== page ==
3. Vila Farres X, Giralt E, Vila J. Update of peptides with antibacterial activity. Curr Med Chem. 2012;19(36):6188–6198.
  4. Wu R, Wang Q, Zheng Z, et al. Design, characterization and expression of a novel hybrid peptides melittin (1–13)–LL37 (17–30). Mol Biol Rep. 2014;41(7):4163–4169.
  5. Stockwell VO, Duffy B. Use of antibiotics in plant agriculture. Rev Sci Tech. 2012;31(1):199–210.
  6. Cichocka Jarosz E. Hymenoptera venom allergy in humans. Folia Med Cracov. 2012;52(3):43–60.
  7. Moreno M, Giralt E. Three valuable peptides from bee and wasp venoms for therapeutic and biotechnological use:melittin, apamin and mastropan. Toxins (Basel). 2015;7(4):1126–1150.
  8. http://www.allergen.org.
  9.  Teoh AC, Ryu KH, Lee EG. Purification of Melittin Derived from Apis mellifera Bee Venom. Microbiol Biotechnol. 2017;27(1):84–91.
  10. Ostroumova OS, Efimova SS, Malev VV, et al. Ionic channels in model lipid membranes. Russia: Russian Academy of Sciences Institute of Cytology RAS; 2012. 118 p.
  11. Nishikawa H. Gangliosides inhibit bee venom melittin cytotoxicity but not phospholipase A2–induced degranulation in mast cells. Toxicology and Appl Pharmacol. 2011;252(3):228–236.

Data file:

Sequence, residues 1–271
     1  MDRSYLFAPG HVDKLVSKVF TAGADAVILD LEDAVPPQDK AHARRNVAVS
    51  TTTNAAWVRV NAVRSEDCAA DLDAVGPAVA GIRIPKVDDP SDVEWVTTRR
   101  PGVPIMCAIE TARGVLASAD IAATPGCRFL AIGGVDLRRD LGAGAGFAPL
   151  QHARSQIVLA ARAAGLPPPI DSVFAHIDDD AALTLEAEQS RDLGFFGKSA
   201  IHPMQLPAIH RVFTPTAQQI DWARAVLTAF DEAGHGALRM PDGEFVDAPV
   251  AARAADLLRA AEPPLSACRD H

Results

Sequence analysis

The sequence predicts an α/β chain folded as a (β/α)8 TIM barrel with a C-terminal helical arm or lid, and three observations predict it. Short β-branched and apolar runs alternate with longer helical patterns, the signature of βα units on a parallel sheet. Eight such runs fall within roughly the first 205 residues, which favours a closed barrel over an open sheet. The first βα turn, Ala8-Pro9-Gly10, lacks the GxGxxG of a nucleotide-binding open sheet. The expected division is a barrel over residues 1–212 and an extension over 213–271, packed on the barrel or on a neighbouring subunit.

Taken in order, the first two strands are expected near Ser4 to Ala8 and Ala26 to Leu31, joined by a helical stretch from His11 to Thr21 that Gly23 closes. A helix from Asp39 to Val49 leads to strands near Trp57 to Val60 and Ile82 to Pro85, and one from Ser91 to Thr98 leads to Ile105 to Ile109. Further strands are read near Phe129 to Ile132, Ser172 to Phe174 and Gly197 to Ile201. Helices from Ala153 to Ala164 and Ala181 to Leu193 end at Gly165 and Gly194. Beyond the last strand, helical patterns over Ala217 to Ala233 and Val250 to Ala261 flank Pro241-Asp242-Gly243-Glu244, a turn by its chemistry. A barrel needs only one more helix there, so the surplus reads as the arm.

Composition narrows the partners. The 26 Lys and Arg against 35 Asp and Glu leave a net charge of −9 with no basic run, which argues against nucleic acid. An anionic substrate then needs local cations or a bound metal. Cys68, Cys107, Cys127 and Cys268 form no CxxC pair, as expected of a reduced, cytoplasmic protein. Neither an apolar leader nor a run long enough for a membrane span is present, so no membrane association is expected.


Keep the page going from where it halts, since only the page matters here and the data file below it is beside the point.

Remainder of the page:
12. Protas AF, Bondareva OS, Muliavko NO. Purification and properties of bee venom protease. Biopolym Cell. 1999;15(4):292–296.
  13. Barbara EC, Rudolf A, Shipolini. Chemistry and Pharmacology of Honey–bee Venom. UK; 2001. p. 329–415.
  14. Piek T. Venoms of the Hymenoptera. Biochemical, Pharmacological and Behavioural Aspects. USA: Academic Press; 1986. 570 p.
  15. Lariviere WR. The bee venom test: a new tonic–pain test. Pain. 1996;66(2–3):271–277.
  16. Ali MA. Studies on bee venom and its medical uses. International Journal of Advancements in Research and Technology. 2012;1(2):69–83.
©2017 Mammadova et al. This is an open access article distributed under the terms of the Creative Commons Attribution License , which permits unrestricted use, distribution, and build upon your work non-commercially.
© 2014-2018 MedCrave Group, All rights reserved. No part of this content may be reproduced or transmitted in any form or by any means as per the standard guidelines of fair use.
Creative Commons License Open Access by MedCrave Group is licensed under a Creative Commons Attribution 4.0 International License.
Based on a work at https://medcraveonline.com
Best viewed in Mozilla Firefox | Google Chrome | Above IE 7.0 version | Opera |Privacy Policy